Antioxidant Spice Collection

Consuming these foods on a regular basis can reverse the signs of aging and to help prevent - and even reverse - various disease processes such as cancer and heart disease, plus reduce blood pressure. These nutritional powerhouses include: cinnamon, thyme, cumin, oregano, turmeric, rosemary, ginger, and chilies.


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We've all been told to eat foods that are rich in antioxidants for optimal health and wellness. But what are antioxidants? By definition, antioxidants such as vitamins A and C are substances that can help prevent the effects of free radical damage in the body. In other words, antioxidants can neutralize the process of oxidation and cellular damage which contributes to aging and disease.

Some foods are extremely high in antioxidant content. Consuming these foods on a regular basis can reverse the signs of aging and to help prevent - and even reverse – various disease processes such as cancer and heart disease, plus reduce blood pressure.

Research is now showing that six spices and two herbs we've long savored for their flavor are also nutritional powerhouses. Toss these overachievers into your salad or sauces and get a whopping dose of disease-preventing antioxidants along with a flavorful punch.

  1. Cinnamon: This natural germ-fighter also helps lower blood sugar, triglyceride, and cholesterol levels -- 1/4 teaspoon a day is a healthy goal. Sprinkle a little of the powder on freshly ground coffee beans when making your morning java.
  2. Thyme: By virtue of its minty, lemony flavor it's a natural accompaniment to grilled poultry, fish, and meat marinades. Contains anti-cancer potency and has long been used as an antiseptic -- yep, that could be thyme oil in your mouthwash. If you've got a fresh bunch, mince some into your vinaigrette.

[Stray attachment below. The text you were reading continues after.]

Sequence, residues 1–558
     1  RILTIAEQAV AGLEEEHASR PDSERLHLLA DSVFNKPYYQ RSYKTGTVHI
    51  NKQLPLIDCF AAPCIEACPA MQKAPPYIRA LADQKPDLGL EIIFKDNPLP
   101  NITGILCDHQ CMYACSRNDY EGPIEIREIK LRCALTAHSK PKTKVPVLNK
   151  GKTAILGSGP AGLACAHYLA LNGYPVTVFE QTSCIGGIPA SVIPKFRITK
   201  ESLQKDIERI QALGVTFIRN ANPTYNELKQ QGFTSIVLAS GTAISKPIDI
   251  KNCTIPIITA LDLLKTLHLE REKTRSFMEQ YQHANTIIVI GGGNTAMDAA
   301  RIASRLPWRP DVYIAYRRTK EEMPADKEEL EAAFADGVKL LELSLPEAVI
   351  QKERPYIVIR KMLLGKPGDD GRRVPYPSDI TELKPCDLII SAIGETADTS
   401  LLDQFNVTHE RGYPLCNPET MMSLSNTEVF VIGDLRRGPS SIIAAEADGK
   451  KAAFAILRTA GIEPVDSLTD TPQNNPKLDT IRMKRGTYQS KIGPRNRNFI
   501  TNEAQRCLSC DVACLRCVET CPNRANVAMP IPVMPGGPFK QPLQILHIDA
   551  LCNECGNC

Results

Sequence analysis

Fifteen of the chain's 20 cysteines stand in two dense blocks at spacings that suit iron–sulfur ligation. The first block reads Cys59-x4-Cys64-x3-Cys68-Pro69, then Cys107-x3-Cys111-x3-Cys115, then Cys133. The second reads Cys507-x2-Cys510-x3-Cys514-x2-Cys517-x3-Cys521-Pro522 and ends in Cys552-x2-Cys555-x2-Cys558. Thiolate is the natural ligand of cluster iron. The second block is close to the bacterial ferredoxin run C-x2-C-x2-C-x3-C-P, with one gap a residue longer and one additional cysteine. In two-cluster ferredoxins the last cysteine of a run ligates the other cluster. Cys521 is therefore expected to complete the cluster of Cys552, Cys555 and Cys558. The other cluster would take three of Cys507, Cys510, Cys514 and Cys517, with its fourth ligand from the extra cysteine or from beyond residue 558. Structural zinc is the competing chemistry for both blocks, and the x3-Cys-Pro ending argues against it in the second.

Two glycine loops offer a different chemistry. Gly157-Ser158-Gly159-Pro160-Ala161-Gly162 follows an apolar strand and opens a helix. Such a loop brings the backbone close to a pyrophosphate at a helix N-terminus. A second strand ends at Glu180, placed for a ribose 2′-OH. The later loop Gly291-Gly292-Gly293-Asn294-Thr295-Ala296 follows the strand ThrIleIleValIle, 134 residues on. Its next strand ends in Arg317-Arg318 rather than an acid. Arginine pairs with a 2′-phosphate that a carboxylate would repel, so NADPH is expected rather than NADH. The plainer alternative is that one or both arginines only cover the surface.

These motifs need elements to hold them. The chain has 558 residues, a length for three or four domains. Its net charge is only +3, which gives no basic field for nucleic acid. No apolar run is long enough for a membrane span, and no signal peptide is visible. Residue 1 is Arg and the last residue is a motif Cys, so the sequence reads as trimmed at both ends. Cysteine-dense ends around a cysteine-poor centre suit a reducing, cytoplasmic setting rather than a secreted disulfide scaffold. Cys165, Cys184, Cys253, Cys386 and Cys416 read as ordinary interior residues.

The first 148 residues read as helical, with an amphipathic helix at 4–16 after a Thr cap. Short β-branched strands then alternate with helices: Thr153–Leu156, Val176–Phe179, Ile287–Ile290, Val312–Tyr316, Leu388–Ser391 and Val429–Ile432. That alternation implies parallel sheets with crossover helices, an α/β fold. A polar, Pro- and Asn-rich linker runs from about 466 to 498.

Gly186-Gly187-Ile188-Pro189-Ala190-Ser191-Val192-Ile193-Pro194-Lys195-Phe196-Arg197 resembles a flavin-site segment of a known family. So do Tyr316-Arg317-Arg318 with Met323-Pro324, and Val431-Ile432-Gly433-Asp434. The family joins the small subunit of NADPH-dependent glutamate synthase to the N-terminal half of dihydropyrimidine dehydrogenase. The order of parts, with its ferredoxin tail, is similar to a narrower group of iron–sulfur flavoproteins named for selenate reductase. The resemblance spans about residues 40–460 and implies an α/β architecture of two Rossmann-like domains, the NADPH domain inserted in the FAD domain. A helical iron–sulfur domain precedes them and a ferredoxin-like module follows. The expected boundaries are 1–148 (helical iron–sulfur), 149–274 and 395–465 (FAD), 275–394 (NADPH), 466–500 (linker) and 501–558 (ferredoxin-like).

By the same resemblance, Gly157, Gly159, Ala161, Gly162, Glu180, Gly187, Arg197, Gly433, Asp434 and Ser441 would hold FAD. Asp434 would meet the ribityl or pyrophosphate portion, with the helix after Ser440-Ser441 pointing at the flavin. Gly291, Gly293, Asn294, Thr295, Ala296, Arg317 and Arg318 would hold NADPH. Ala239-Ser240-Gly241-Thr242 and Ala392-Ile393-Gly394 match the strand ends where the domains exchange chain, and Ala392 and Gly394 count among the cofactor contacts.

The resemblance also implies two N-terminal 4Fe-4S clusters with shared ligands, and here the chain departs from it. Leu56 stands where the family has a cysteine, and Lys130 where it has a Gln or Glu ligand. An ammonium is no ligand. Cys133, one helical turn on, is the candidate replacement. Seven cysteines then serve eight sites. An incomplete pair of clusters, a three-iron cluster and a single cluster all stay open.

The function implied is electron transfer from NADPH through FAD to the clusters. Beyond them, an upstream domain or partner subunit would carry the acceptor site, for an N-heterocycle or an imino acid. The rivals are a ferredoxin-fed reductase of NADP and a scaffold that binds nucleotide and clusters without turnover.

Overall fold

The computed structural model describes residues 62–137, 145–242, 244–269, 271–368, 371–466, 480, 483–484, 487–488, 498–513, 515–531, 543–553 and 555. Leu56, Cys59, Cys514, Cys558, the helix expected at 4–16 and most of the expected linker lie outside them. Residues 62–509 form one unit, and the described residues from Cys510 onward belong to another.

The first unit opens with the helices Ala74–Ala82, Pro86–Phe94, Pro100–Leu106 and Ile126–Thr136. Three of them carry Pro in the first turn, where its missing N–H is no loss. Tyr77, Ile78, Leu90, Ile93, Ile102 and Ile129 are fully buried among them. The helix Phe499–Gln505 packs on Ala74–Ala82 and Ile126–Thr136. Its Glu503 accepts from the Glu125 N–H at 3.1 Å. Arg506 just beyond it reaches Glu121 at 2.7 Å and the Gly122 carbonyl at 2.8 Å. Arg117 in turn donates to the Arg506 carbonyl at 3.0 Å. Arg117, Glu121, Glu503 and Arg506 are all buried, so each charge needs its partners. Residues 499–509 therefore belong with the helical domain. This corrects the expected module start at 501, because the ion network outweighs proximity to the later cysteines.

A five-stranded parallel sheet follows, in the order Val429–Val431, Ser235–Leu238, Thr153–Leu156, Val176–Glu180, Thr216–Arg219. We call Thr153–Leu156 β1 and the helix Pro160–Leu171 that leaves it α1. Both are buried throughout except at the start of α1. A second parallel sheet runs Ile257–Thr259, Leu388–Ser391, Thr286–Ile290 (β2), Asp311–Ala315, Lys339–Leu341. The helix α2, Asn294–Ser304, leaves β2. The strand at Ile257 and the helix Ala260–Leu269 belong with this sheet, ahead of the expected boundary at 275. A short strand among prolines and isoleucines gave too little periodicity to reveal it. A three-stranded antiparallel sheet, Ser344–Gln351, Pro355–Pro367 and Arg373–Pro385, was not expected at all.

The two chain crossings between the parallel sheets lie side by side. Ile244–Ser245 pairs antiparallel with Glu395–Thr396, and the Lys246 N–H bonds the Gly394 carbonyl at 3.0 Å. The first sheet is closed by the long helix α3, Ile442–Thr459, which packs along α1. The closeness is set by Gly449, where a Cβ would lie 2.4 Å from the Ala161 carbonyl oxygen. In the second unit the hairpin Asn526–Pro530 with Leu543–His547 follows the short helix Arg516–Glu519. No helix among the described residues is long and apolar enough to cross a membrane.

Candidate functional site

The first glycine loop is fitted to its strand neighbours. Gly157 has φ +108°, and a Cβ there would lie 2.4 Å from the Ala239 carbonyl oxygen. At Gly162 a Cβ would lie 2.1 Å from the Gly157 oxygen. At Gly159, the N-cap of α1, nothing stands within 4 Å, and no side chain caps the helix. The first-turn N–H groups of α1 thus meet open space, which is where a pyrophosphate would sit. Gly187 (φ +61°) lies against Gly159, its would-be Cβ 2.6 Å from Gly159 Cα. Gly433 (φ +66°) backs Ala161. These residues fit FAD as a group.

3. Cumin: Concealed in your humble chili powder is one of the world's most popular spices (it's a key ingredient in Indian curries too) and another anti-cancer soldier. Go exotic and add cumin to rice and grain salads and marinades.
  4. Oregano: Thank our GIs for bringing oregano home from Italy after WWII. A food world superpower, leaves of the herb boast 42 times more antioxidants than apples. Wow. Use oregano to add a delicate flavor to salad dressings, garlic bread, and omelets, as well as your favorite pastas.
  5. Turmeric: called the "Queen of the Kitchen" by Indian cooks, a powerful antioxidant (containing the active ingredient, curcumin) has earned its crown. Studies show promise in fighting cystic fibrosis, colon cancer, arthritis, and even Alzheimer's -- is there anything this golden gal can't do? For an earthy flavor and yellow coloring, add a pinch of turmeric to rice, stew, or lentils -- hey, it might even help you remember where you left your keys last night.
  6. Rosemary: contains powerful antioxidants, which some studies have shown to be as effective as synthetic preservatives BHA and BHT. It also protects the brain from oxidation and increases blood flow, two actions that may help prevent or slow the development of Alzheimer's. Rosemary has been shown to help kill bacteria that cause infection, which supports its traditional use as an antiseptic treatment for wounds.
  7. Ginger: contains antioxidant and anti-inflammatory properties that may lower the risk of cancer and inflammatory disease. Its health-promoting constituents include gingerols, shogaols, beta-carotene, capsaicin, caffeic acid, curcumin and salicylate. While ginger has been used for a variety of ailments, some scientific evidence supports its potential for fighting nausea associated with pregnancy, motion sickness and post surgery.
  8. Chilies: contain antioxidants, including vitamin C and carotenoids, which might also help improve insulin regulation. The capsaicin in chilies are also being studied as an effective treatment for sensory nerve fiber disorders, including pain associated with arthritis, psoriasis, and diabetic neuropathy. Spicing your meals with chili peppers may also protect the fats in your blood from damage by free radicals—a first step in the development of atherosclerosis.